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Mountain Bike Tire Pressure Guide [Guest Post]

Mountain Bike Tire Pressure Guide

By Adam Wilson

Many bikers are always trying to find ways to enhance the performance of their bikes. From electronic shifters to lighter wheels, bikers tend to try them all.

One aspect of bike performance that is sometimes overlooked is your tire pressure. Mountain bike tire pressure is about filling up your tires with just the right amount of air for the kind of riding you do.

If you have ever experienced flat tires while riding on a trail with significant drop-offs, you would have felt considerable discomfort. So, here are some tips for finding out and maintaining the ideal tire pressure for your mountain bike!

All about mountain bike tire pressure

Proper tire pressure benefits your bike in a lot of ways. It helps the tires to roll swiftly and ride smoothly. Mountain bikes are supposed to help you cycle on wobbly, bumpy terrain. But if your tires have too much air, it can create too much bounce and result in a jolty ride.

On the other hand, tire pressure that is too low could result in higher rolling resistance, and even punctured tubes. The ideal tire pressure should be able to support you in shock absorption and provide a tougher grip.

And that is why mountain bike tire manufacturers usually suggest a pressure of between 30 and 50 psi (pounds per square inch) on most products. This range tends to give you a suitable balance between grip and shock absorption.

If you commute or ride on paved roads, your tire pressure should be near the higher end of the range, while off-road riding requires a pressure around the lower end of the range. Here’s a look at some other factors to consider.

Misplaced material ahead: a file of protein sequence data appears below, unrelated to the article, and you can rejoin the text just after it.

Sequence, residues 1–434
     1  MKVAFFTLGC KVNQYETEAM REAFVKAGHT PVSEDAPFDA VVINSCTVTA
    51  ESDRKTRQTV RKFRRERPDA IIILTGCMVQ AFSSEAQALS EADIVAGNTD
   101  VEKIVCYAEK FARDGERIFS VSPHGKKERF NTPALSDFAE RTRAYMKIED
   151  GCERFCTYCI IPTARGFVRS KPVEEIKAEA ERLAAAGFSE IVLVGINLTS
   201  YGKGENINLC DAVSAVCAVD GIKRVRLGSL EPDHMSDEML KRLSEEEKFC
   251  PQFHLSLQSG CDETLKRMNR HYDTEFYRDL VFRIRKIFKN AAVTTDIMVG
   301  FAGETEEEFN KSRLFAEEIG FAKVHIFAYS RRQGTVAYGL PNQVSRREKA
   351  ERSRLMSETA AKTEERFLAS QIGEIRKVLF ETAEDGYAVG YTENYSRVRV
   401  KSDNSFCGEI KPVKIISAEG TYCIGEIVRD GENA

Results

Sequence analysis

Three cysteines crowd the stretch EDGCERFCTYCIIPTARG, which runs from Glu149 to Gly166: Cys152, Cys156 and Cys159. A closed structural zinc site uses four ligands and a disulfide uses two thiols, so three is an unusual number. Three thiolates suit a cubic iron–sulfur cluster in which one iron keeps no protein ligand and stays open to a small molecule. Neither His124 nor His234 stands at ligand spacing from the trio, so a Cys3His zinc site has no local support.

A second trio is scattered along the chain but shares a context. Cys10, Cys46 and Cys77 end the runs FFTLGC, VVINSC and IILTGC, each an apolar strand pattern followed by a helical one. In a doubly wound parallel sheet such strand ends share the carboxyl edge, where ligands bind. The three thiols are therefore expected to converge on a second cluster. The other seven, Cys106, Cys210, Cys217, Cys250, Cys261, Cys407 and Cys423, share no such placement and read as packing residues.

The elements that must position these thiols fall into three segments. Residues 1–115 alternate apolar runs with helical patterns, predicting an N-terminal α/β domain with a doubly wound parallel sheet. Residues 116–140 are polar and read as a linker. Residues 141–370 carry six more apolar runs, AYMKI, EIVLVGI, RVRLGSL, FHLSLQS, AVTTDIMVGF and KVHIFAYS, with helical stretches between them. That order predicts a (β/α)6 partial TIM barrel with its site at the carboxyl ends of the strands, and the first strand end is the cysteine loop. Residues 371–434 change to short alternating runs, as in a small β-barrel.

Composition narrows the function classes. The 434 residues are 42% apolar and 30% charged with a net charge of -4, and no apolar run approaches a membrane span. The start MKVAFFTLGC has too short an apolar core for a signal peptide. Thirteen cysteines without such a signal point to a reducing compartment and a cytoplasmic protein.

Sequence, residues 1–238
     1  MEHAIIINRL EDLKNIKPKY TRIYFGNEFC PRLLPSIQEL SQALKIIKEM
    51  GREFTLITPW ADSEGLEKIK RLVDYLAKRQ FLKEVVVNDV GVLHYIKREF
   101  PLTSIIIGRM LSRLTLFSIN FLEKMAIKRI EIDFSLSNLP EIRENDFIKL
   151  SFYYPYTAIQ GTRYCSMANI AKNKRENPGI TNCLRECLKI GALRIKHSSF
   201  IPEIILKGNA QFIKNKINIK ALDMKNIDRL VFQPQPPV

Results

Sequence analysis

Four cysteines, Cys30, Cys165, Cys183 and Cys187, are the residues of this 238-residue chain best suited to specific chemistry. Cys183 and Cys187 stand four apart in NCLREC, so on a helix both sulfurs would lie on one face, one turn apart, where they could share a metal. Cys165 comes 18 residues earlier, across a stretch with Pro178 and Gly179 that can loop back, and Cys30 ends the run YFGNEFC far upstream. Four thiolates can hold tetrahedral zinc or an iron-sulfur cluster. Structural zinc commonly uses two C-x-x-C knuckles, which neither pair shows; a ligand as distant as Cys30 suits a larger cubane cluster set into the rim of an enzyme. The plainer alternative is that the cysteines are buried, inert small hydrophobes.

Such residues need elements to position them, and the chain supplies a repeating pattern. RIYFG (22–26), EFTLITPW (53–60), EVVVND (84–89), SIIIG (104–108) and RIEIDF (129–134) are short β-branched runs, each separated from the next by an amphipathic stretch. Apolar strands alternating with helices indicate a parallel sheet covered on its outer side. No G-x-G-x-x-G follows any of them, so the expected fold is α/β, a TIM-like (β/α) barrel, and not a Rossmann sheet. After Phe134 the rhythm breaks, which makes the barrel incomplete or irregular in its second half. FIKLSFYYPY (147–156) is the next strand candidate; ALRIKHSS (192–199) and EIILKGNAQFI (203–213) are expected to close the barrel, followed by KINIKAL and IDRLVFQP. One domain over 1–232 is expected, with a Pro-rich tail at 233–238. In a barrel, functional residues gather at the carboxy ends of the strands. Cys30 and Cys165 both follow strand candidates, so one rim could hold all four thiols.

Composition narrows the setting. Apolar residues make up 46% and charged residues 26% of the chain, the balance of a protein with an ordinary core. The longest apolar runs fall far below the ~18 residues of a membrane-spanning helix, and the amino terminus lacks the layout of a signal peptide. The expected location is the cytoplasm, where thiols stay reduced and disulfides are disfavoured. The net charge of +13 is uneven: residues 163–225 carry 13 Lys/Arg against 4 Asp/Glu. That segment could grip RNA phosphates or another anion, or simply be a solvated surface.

Rider weight

How a tire will perform at any specific pressure is related to the rider’s weight. If a 170lb / 77kg rider rides a bike, he will feel 35psi in a 26 x 2.25 tire is too tough, and lacks grip. To find your perfect pressure, begin from the middle of the range recommended by the bike or tire manufacturer. Next, look at your body weight. The higher you weigh, the higher your tire pressure should be.

For instance, if you are a 165-pound rider (75 kg) and use 100 psi on your road bike, then a rider who weighs 200-pounds (90 kg) should choose pressure closer to 120 psi. A 130-pound (59 kg) rider should then use 80 psi for her road bike.

Tire volume

A tire’s volume and pressure are indirectly proportional to each other. A tire’s volume will also decide and regulate how your tire’s pressure feels when you ride.

Let’s take the example of 35 psi in a 700 x 25mm tire. It will make you feel flat. Meanwhile, 35psi in a 26 x 3.8in model will feel rigid and solid. The wheel is going to bounce off rocky terrain instead of absorbing most of the impact.

Terrain type

You need to figure out what are your regular trails like. Are they smooth and intended for fast riding? Or are they technically-challenging, with a collection of lumpy rocks and roots? For rocky terrain, you should contemplate adjusting your pressure to fight side wall destruction and pinch flats.